OK, my off my soapbox now, lol. You say it all so much better anyway. Your site is always SUCH a blessing!

Congratulations too on your precious new granddaughter : )

Blessed New Year : ) Wendy

Anonymous said...

Well, as you asked, Mrs. Sherman...

Anne, first thing I want you to know is that we are all pulling for you and praying for you. (Okay, well, -I- am, but I'm quite sure others here are doing so, and I didn't want to exclude anyone!) I wish I could reach right over there and give you a hug. You seem to need one in a pretty big way.

The second thing I want you to know is that, before I went "back" to work (i.e., started my practice after moving to my husband's house from Houston), I wasn't a very dedicated homekeeper. I found that the motivation I needed was to be deprived of that privilege. Now that I'm able to dedicate 99% of my time to it, I find I do.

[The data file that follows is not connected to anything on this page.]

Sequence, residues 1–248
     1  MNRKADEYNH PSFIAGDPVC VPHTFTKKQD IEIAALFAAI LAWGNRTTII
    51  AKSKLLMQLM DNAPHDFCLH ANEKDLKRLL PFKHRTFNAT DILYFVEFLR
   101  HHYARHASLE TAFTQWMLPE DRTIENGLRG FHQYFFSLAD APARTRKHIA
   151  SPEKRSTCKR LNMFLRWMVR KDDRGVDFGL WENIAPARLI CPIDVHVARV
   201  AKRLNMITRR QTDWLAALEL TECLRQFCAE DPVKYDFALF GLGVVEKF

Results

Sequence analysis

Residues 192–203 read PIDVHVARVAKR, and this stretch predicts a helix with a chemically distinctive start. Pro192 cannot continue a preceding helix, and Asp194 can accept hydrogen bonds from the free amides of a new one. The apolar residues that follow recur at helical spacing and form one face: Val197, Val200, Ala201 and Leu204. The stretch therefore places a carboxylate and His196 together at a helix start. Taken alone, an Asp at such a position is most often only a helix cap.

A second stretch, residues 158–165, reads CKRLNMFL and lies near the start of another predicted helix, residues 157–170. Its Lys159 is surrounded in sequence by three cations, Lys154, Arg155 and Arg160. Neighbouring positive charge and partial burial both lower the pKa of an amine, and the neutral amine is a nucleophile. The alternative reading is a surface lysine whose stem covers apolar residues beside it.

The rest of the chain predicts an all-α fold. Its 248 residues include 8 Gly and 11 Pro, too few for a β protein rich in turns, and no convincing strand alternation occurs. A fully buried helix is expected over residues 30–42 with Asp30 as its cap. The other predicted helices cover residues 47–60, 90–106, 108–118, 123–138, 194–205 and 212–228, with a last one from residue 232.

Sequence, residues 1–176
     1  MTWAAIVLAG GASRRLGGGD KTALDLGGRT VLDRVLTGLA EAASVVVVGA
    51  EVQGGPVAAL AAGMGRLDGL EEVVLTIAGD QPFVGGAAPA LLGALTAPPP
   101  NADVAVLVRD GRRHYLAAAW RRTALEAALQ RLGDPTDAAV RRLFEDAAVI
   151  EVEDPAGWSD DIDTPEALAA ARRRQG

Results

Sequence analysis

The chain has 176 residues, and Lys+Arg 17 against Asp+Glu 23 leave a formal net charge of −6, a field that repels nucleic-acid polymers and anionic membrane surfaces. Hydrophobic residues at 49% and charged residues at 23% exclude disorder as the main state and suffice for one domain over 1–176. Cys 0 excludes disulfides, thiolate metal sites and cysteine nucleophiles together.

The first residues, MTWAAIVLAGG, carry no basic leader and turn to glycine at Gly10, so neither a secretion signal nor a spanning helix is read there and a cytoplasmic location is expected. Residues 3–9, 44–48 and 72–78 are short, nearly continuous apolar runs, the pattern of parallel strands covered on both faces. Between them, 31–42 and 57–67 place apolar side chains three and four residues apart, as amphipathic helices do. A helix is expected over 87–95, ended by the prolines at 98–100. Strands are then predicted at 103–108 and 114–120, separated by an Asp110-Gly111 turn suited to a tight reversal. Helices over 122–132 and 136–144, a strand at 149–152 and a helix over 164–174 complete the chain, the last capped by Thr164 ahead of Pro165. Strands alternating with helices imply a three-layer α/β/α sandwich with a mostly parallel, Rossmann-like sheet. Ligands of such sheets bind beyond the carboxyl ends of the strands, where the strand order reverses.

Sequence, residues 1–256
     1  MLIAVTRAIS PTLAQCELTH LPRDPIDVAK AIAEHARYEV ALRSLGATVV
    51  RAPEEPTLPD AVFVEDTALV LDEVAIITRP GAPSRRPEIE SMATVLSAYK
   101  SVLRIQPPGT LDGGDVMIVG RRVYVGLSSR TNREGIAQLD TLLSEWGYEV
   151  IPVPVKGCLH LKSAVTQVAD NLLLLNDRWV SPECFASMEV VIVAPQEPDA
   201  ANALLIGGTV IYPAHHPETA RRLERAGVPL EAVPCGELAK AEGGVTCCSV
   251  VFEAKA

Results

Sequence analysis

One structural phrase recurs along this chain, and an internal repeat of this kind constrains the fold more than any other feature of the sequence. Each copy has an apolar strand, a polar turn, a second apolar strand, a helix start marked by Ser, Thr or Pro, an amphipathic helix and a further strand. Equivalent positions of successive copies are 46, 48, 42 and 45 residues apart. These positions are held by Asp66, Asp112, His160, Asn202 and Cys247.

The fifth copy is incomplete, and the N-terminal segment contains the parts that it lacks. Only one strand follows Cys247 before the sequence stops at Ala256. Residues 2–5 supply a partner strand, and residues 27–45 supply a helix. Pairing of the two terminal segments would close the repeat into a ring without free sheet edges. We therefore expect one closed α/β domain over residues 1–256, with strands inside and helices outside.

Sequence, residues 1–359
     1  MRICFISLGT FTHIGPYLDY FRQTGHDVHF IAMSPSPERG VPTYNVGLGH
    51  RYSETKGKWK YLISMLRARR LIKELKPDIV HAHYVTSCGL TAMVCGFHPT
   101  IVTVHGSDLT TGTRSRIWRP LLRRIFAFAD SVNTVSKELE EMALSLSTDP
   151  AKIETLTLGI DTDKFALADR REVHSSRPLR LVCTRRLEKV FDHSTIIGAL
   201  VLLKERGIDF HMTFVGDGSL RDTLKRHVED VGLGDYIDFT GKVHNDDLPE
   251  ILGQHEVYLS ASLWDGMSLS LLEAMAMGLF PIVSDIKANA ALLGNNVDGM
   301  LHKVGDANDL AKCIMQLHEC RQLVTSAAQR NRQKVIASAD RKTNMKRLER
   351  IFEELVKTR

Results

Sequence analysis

Don't be afraid to "let go" of your job. Think of it: you'll be letting go of sleepless nights, pain, illness, and frustration. You'll be letting go of "necessary" doctor visits and endless rounds of medication. This job is costing you more than you earn--certainly demanding something of you that you can't buy back, no matter how much money you spend.

As far as staying motivated at home, Laine of "Laine's Letters" wrote about how she starts each day with the Bible. It helps her and it helps me. Give over your day to God and ask for His help, and you will be surprised just how much you will get done at home!

You can do this, Anne. All you have to do is take the step you already know is the right one. You will be in my prayers.

Mrs. Bartlett

Lydia said...

I will add that if you wait too long, your dream of being a happy wife and mother will elude you. There is only one time to do this. It is a job that cannot wait.Once the season is gone, it is gone forever and cannot be reclaimed.

Anonymous said...

I greatly appreciate your blog. I am very passionate about women fulfilling their God-given purpose and desire to encourage women to not only be CONTENT at home, but also to LOVE and and do it with a sense of nobility and joy. Your website is ALWAYS an excellent source of inspiration for me.